After Levine reneged on promises to finance Gandhi, Attenborough gave up acting to pursue his dream project. (What proved to be his last film role for fifteen years was in another Graham Greene adaptation, Otto Preminger's The Human Factor.) Once the elusive funding had been found for a project Hollywood considered non-commercial, Attenborough was faced with the challenge of finding an actor to play Gandhi. At his son Michael's suggestion, he tested a then-unknown actor whose father was Indian, Ben Kingsley. Guided by Attenborough, Kingsley proved more than adequate to "carrying" the three-hour spectacle, which was made on location in India and included the biggest crowd scene ever filmed. The film won eight Academy Awards, including Best Film, Best Director, Best Screenplay and Best Actor for Kingsley.

Critics questioned Attenborough's choice of a follow-up film to Gandhi, an adaptation of the hit musical A Chorus Line (1985), but the choice would have seemed less bizarre if they had known that musicals are Attenborough's favorite genre. (The astute filmmaker told a journalist in 1994 that the only role which would lure him back to acting was Quasimodo in a musical version of The Hunchback of Notre Dame.)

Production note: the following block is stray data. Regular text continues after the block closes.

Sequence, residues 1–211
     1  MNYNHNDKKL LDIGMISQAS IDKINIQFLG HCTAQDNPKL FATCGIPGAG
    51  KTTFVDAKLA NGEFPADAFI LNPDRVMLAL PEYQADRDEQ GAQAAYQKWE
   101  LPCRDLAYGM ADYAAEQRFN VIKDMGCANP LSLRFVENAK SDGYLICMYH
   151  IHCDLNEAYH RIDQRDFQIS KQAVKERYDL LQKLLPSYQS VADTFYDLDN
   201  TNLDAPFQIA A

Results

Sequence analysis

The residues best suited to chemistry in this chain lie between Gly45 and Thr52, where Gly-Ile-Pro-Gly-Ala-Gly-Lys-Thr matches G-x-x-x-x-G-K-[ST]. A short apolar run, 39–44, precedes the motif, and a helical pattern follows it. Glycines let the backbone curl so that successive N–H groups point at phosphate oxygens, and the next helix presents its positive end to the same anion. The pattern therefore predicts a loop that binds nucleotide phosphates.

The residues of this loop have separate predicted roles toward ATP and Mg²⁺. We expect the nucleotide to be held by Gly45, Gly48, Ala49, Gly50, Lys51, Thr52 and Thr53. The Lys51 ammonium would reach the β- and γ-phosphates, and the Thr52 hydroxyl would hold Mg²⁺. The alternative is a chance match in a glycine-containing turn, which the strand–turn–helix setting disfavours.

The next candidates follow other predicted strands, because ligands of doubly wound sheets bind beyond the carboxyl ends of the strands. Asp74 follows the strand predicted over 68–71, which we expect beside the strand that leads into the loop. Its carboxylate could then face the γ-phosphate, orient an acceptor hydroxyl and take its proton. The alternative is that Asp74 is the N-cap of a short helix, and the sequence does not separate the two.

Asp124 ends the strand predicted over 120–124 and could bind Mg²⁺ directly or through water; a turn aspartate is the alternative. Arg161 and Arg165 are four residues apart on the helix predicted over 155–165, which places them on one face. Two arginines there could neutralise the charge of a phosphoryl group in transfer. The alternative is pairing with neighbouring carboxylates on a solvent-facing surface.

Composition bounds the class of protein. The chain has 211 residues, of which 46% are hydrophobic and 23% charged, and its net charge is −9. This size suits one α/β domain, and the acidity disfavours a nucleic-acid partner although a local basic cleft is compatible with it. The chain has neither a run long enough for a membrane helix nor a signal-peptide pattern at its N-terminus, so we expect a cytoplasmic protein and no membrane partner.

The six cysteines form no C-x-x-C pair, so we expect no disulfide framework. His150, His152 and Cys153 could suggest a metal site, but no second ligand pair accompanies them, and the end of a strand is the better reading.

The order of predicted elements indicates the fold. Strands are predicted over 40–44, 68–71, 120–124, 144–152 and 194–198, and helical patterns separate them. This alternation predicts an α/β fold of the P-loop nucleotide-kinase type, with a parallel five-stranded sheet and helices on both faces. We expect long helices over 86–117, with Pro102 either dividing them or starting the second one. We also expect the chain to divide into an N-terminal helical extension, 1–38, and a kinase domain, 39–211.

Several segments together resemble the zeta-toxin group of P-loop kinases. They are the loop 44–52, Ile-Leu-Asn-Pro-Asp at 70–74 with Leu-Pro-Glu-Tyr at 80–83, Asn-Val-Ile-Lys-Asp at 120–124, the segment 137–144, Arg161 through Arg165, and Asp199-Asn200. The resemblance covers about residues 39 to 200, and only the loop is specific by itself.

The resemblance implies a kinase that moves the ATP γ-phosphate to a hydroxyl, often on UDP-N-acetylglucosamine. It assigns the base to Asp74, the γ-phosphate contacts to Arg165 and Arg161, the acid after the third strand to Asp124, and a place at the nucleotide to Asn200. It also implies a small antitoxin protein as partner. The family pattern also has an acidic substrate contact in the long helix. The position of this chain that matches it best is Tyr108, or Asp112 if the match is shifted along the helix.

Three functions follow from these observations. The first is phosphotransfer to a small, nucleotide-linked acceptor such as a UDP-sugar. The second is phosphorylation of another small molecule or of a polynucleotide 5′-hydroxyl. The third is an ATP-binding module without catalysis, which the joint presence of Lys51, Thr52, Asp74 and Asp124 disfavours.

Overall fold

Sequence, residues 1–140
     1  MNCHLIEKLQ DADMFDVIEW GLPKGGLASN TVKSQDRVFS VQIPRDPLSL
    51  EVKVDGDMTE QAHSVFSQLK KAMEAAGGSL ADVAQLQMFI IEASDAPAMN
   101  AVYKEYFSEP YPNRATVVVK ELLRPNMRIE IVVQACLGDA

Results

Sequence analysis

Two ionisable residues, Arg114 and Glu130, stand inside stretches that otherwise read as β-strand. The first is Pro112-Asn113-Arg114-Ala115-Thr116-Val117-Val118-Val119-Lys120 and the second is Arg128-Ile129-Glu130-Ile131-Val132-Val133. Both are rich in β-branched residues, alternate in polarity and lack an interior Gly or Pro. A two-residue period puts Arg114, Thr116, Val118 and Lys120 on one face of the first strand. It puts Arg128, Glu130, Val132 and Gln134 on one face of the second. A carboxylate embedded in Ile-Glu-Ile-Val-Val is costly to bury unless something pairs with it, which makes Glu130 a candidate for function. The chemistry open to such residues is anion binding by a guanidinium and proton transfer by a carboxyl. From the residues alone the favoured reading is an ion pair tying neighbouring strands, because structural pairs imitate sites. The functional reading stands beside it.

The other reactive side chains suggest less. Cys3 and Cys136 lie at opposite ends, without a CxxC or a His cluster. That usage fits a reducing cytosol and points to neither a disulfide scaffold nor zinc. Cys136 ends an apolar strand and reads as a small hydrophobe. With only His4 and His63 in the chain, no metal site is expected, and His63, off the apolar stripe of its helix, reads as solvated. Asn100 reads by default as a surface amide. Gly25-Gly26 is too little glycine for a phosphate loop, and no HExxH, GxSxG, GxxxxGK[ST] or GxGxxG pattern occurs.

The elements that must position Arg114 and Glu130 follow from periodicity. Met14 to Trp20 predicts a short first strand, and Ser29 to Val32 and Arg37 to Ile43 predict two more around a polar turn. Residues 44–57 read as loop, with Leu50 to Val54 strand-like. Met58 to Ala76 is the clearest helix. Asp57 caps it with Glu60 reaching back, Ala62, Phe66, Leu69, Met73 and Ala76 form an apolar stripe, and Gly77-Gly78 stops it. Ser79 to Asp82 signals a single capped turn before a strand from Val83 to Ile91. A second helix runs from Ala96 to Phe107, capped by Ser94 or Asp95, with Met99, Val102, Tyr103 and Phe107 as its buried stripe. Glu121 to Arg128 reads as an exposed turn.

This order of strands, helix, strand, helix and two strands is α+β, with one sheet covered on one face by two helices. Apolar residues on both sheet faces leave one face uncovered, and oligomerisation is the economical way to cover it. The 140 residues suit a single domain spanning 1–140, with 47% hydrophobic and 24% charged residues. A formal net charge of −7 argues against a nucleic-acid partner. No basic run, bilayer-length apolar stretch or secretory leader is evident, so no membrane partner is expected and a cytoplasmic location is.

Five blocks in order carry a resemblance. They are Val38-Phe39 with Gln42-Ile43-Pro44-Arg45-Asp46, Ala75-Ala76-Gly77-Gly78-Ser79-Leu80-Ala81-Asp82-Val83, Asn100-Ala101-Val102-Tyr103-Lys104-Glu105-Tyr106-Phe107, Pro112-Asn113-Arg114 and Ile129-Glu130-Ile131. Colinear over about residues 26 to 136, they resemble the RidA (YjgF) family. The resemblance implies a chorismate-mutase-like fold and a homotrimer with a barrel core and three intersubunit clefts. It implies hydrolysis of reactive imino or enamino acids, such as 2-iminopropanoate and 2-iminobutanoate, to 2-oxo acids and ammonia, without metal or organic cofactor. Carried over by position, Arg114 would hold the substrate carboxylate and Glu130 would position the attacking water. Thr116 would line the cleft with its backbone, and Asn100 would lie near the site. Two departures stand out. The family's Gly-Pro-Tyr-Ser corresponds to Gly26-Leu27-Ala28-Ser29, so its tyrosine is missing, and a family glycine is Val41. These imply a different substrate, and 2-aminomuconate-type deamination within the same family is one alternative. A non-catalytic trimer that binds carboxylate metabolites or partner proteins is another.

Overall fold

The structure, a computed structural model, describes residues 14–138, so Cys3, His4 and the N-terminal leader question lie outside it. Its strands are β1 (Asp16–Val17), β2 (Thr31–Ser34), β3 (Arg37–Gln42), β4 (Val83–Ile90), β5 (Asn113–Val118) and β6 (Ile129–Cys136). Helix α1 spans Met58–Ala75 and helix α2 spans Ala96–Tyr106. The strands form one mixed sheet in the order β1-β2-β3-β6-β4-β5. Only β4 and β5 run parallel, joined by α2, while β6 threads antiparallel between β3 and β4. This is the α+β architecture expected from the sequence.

His next, Cry Freedom, again tackled the social issues dear to Attenborough's heart by portraying the friendship between black anti-apartheid activist Steve Biko (Denzel Washington in his first screen role) and journalist Donald Woods (Kevin Kline). Woods approached Attenborough in 1985 about filming his book about Biko, Asking for Trouble. The film that resulted was the first of Attenborough's biographical studies to devote as much attention to a biographer as to his subject: After Biko's death halfway through the film, Cry Freedom tells how Woods and his family escaped from South Africa as if they were fleeing an Iron Curtain dictatorship. Joining the long list of young actors whose careers Attenborough has launched, Denzel Washington received his first Oscar nomination for his performance in Cry Freedom.